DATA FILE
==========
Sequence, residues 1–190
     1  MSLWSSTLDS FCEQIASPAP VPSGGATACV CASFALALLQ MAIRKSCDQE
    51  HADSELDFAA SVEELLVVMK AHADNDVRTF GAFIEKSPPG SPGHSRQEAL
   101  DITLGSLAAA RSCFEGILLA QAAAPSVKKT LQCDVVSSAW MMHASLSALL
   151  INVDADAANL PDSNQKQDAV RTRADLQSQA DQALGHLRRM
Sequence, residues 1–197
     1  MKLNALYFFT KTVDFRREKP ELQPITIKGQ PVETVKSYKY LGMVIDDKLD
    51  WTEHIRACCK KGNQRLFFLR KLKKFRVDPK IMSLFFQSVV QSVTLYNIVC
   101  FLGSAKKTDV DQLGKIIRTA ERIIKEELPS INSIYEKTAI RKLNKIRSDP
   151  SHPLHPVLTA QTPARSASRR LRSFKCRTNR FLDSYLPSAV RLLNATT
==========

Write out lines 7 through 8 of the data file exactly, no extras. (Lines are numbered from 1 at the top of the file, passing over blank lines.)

     1  MKLNALYFFT KTVDFRREKP ELQPITIKGQ PVETVKSYKY LGMVIDDKLD
    51  WTEHIRACCK KGNQRLFFLR KLKKFRVDPK IMSLFFQSVV QSVTLYNIVC